My running friends have the habit of asking me at the beginning of any race what my goal is. They don't believe me when I tell them that I don't have one. No really. I don't have any time goals. I don't have any PRs to set. No course records to accomplish. No age-group awards to achieve. Not this year anyway. Don't get me wrong... the temptation is there. I know what it feels like to have my name called for an age group or an over-all award, and it feels freakin' awesome. It's an addictive feeling... a feeling worth chasing. But I have, at least temporarily, just for this year (hopefully), traded in the pursuit of speed for another goal, to stay uninjured!
The story of how I became a runner is a story for another day, but I can tell you that I've spent almost all of my time as a runner suffering from one injury or another, to the point that a physical therapist told me that should I continue on my then current path, I would have a few really good years and then probably never run again. That terrified me. I need to be able to run. Come on now, I have five kids... I NEED to be able to run!
So my goals changed. My approach to running changed. This year I have found myself mentally invested not in running as far and fast as I can but in being able to run for my whole life. I have the best physical therapist in the world, who is also a personal friend, so we've worked together (and by "worked together" I mean argued, debated, and I may have stuck my tongue out at her) to reach a compromise that allows me to train for the marathon but in a way that doesn't sacrifice running long term for running long distance. I do all my exercises. I have pulled back, slowed down, done intervals. I have been a good patient.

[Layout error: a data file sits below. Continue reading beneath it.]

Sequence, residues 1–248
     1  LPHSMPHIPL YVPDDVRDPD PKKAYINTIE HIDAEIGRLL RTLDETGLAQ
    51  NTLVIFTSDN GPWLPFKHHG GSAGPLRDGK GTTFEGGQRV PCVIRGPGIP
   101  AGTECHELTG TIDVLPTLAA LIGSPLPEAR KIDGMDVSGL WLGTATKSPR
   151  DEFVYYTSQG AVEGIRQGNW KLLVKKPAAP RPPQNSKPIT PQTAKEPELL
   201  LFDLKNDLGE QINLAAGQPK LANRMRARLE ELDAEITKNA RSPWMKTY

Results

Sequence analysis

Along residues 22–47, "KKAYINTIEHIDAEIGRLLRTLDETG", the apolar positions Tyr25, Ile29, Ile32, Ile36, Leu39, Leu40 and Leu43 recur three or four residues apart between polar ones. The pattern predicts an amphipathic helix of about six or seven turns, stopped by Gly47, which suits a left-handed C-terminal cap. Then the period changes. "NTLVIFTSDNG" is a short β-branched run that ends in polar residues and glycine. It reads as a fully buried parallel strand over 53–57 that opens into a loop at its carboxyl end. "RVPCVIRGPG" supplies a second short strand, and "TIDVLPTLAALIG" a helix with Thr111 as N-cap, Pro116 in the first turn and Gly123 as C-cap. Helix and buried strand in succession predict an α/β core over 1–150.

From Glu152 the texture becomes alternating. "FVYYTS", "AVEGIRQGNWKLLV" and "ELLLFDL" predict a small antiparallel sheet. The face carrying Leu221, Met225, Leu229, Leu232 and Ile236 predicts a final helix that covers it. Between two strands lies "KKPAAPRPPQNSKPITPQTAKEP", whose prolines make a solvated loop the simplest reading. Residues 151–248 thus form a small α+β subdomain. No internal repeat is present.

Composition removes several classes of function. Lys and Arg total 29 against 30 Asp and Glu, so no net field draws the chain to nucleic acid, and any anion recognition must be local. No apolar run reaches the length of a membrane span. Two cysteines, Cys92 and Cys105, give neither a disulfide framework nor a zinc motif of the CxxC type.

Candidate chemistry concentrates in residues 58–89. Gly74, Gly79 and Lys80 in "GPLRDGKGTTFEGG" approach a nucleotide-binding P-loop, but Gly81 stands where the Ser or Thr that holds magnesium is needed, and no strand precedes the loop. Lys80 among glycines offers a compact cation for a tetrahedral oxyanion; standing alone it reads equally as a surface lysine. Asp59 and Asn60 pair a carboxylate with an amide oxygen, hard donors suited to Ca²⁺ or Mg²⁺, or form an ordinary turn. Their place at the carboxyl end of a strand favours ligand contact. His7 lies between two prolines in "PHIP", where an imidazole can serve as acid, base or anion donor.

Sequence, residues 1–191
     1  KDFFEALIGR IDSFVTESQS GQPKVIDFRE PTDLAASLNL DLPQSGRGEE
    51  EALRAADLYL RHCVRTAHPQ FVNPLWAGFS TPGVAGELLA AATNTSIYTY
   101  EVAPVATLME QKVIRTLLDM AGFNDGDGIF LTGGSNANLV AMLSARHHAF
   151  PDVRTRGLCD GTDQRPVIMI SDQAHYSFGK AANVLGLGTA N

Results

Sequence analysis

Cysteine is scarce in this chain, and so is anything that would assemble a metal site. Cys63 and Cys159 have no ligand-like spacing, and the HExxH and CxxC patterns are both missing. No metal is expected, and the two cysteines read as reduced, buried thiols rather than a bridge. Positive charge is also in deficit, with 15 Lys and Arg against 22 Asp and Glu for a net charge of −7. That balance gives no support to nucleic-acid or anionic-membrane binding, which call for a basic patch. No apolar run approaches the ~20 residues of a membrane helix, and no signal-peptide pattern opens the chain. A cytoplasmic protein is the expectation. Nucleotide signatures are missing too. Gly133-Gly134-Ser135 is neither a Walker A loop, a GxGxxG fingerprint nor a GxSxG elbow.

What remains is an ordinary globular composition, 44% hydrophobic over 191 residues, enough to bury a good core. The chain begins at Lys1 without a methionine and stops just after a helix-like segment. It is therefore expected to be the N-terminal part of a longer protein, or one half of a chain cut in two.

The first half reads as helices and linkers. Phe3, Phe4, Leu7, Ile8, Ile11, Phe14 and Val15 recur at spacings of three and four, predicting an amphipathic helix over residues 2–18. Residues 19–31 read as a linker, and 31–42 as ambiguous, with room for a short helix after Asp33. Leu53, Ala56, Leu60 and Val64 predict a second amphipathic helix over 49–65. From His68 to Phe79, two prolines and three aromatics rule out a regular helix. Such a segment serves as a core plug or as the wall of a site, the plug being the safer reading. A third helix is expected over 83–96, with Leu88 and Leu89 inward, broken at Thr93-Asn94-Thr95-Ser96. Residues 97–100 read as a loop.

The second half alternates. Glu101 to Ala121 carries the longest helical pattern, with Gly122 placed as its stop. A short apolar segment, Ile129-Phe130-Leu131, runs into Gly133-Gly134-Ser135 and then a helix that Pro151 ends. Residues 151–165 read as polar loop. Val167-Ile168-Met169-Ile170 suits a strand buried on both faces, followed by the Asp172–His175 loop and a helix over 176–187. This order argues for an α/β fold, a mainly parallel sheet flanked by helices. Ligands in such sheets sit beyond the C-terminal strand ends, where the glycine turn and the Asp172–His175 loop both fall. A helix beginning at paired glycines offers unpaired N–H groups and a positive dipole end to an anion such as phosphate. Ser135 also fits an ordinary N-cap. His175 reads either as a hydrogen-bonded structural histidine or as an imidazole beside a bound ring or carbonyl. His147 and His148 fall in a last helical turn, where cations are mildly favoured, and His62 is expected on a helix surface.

Until last Monday.
On Monday I found myself needing a change. I felt sluggish, bored, slow, tired of my carefully paced interval runs down the same old trail. I needed a change. Our neighborhood is completely boxed in by a beautiful blue line that marks the course of the Akron Marathon. I decided to chase it for a while before hitting my usual trail head. We've lived in this house for about a year and in favor of trail running, I've never run my own neighborhood. On Monday I headed out from my front porch and took off after that blue line.
I don't know what came over me after that because the next thing I knew I was pounding out seven minute miles, leaping over curbs, Pope's "The Moment" pulsing in my earbuds. I passed a small business district and was shocked at the woman running beside me in the reflection of the store front windows. She was poised and confident. She was fit and she was fast. Several men drove passed her and honked their car horns, "Hey, how YOU doin?!". And for just a few more miles I was that woman.
In that moment, for those few idyllic miles, the time on my Garmin didn't matter. It wasn't about PRs or miles logged, or training plans, or magazine articles, or races, or gear, or starting lines. It wasn't about what would happen in the future, it was about what was happening right now. It was about the concrete under my feet, the air searing my lungs. The sun setting in the distance. It was perfect... and it was fleeting.
Eventually I became aware of my location, got scared that it was getting dark, watched a guy check me out and tripped over my left foot, skidded on someone's gravel driveway, laughed at myself, and headed home at a much slower but more responsible pace. No longer the poised woman in the window, just me, bee-bopping along in a faded 10K t-shirt, my curly hair creating a fuzzy halo around my head in the humidity, scrambling to make the uphill journey home.
Monday's run wasn't about checking off miles on a training plan, it wasn't about safely pursing a goal one small step at a time. It was just about running. It's easy to get wrapped up in all the extra stuff that seems to come along with being a runner. But like any other girl, if running is your mistress, it's important that every now and then, even if just for a few miles, you remind her that you still love her, just the way she is.